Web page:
Mon, 02/17/2014 - 15:33 | Link to Comment pitz
pitz's picture

Fannie and Freddie (just like Canada's CMHC) inherently add zero value to the economy.  And actually destroy value as their staff are usually paid highly (and certainly far higher than market).  So it is completely logical that shareholders in such an enterprise will lose the entirety of their investment. 

Mon, 02/17/2014 - 15:03 | Link to Comment LMAOLORI
LMAOLORI's picture

 

 

I think it is IMPORTANT to note the governments role in this because the government gave the banks who originated the loans a backdoor bailout! We will just have to wait and see how it plays out in the courts and it appears investors think it will go in their favor.

Flashback

Corporate Crime, Russia, Peter Orszag and Getting Away with Murder

snip

Case in point: former Office of Management and Budget Director Peter Orszag.

Rosner said that the Orszag case is “one that I find most offensive.”

“It’s not on the level of Timothy Geithner or Hank Paulson, but it’s troubling,” Rosner said.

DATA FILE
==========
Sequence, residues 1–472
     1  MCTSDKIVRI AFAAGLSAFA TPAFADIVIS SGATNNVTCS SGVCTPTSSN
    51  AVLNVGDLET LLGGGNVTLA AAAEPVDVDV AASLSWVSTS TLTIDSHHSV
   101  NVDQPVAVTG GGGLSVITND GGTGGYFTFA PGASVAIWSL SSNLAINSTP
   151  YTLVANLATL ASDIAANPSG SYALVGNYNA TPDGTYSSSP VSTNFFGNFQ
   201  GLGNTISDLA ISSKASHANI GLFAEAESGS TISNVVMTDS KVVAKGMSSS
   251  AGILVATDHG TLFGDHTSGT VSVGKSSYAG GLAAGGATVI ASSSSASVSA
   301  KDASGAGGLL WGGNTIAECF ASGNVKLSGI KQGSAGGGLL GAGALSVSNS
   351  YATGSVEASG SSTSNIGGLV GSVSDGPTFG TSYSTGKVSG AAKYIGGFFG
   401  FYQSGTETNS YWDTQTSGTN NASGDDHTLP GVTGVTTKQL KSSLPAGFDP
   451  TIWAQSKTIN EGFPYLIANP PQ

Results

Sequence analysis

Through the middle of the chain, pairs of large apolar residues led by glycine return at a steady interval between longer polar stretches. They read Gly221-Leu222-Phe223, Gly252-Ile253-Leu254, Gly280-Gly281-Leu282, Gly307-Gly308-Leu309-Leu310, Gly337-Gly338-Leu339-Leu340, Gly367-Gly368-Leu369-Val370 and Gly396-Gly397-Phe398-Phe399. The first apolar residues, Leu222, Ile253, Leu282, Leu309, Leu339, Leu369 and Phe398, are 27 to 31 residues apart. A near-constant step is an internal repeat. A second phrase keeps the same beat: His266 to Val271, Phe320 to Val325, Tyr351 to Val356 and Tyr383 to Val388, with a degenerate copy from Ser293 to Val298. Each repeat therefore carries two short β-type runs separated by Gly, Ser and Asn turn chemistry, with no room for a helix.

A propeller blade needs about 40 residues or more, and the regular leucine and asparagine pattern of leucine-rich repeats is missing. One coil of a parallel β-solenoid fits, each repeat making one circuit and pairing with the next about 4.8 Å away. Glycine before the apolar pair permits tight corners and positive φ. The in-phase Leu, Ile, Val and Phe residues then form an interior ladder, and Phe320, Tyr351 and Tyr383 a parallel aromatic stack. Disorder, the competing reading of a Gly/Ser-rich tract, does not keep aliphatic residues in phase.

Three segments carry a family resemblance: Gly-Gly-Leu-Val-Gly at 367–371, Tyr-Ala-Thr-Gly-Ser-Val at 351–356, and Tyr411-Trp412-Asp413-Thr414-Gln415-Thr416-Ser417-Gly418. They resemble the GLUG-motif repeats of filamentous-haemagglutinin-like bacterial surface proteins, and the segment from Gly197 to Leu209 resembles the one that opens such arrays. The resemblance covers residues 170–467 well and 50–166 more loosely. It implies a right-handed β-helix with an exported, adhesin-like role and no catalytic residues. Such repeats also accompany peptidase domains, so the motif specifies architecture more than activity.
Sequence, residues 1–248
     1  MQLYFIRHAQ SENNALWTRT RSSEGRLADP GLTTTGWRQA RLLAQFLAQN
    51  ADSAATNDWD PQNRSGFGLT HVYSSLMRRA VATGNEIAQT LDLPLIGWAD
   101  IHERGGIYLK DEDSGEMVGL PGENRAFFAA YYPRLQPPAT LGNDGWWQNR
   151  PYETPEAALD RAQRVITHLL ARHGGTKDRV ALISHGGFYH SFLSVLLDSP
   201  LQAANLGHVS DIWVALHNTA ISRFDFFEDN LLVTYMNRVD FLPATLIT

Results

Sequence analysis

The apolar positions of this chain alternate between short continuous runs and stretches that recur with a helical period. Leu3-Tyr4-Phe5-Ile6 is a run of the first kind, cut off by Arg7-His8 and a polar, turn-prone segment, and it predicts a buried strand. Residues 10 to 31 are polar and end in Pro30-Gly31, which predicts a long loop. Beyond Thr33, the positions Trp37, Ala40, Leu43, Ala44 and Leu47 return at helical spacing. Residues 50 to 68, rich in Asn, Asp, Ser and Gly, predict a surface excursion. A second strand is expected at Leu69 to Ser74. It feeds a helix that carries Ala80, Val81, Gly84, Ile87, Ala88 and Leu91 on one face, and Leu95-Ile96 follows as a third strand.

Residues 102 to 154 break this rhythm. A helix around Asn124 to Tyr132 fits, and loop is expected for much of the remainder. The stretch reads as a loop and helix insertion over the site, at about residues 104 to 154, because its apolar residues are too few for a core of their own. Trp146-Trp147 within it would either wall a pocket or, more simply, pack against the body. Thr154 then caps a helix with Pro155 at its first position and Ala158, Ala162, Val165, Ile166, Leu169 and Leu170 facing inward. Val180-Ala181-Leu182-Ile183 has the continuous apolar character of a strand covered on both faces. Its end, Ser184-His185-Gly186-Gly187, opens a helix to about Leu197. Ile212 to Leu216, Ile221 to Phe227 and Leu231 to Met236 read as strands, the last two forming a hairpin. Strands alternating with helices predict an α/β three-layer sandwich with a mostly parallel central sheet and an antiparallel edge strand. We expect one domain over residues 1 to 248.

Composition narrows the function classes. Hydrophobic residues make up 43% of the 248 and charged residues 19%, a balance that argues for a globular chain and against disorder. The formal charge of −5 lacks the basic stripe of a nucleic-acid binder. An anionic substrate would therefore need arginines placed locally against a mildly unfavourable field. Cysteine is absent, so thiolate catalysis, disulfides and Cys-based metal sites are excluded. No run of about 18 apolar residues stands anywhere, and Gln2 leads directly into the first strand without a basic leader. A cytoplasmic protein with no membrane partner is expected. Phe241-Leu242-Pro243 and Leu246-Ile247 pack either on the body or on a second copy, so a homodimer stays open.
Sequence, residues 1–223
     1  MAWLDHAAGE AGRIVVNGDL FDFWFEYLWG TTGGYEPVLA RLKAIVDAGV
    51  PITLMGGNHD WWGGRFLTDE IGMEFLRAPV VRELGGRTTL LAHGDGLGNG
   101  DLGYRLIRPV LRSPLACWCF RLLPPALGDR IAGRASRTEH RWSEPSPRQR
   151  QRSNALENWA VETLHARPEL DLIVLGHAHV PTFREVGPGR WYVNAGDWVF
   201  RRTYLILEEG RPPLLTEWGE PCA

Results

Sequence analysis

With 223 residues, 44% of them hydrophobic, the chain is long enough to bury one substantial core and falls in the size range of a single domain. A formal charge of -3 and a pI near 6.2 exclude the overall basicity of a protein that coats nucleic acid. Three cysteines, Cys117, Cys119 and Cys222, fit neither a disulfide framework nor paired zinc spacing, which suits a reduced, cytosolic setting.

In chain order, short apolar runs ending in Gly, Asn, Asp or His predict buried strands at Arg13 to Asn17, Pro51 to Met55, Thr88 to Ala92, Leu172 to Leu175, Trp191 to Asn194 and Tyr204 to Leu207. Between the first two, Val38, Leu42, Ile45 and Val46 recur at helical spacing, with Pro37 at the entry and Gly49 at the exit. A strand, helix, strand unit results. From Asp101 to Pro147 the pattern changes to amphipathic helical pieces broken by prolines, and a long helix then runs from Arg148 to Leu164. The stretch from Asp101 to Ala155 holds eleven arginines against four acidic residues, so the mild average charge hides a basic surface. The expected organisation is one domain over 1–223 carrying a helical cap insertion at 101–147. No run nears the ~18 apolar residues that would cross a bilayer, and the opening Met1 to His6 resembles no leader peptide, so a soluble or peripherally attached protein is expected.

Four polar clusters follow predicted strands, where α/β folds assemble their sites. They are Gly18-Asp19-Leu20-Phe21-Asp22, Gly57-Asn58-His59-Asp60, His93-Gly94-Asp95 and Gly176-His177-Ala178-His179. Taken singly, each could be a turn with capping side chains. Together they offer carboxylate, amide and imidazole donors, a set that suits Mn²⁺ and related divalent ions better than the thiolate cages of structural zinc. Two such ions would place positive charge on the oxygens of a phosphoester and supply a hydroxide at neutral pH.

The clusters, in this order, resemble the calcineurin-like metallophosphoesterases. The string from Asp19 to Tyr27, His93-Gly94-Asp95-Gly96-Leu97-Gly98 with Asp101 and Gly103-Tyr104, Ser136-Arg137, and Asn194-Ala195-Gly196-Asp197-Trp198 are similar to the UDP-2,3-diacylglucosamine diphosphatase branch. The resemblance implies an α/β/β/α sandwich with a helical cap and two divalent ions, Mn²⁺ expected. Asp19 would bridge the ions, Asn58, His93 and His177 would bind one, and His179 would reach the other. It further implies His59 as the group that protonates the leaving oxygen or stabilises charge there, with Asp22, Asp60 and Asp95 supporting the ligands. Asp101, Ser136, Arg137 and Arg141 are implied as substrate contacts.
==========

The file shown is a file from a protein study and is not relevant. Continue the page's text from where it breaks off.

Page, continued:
“Peter Orszag was co-author of a study paid for by Fannie Mae back in 2000 or 2001,” Rosner said. “It argued that Fannie and Freddie are incredibly safe and sound, that the stress test that was going to be employed by the regulator insured their safety and soundness. And that there was something like a one in 500,000 chance that they would end up imperiled. And even if that happened, the cost to the taxpayers would be a few million dollars. That’s pretty much what the paper said.”

“Orszag ends up as the head of OMB. And when the government takes Fannie and Freddie into conservatorship, he says – there is about a five percent chance that the government could be on the hook for more than $100 billion. Wrong again. No one calls him out.”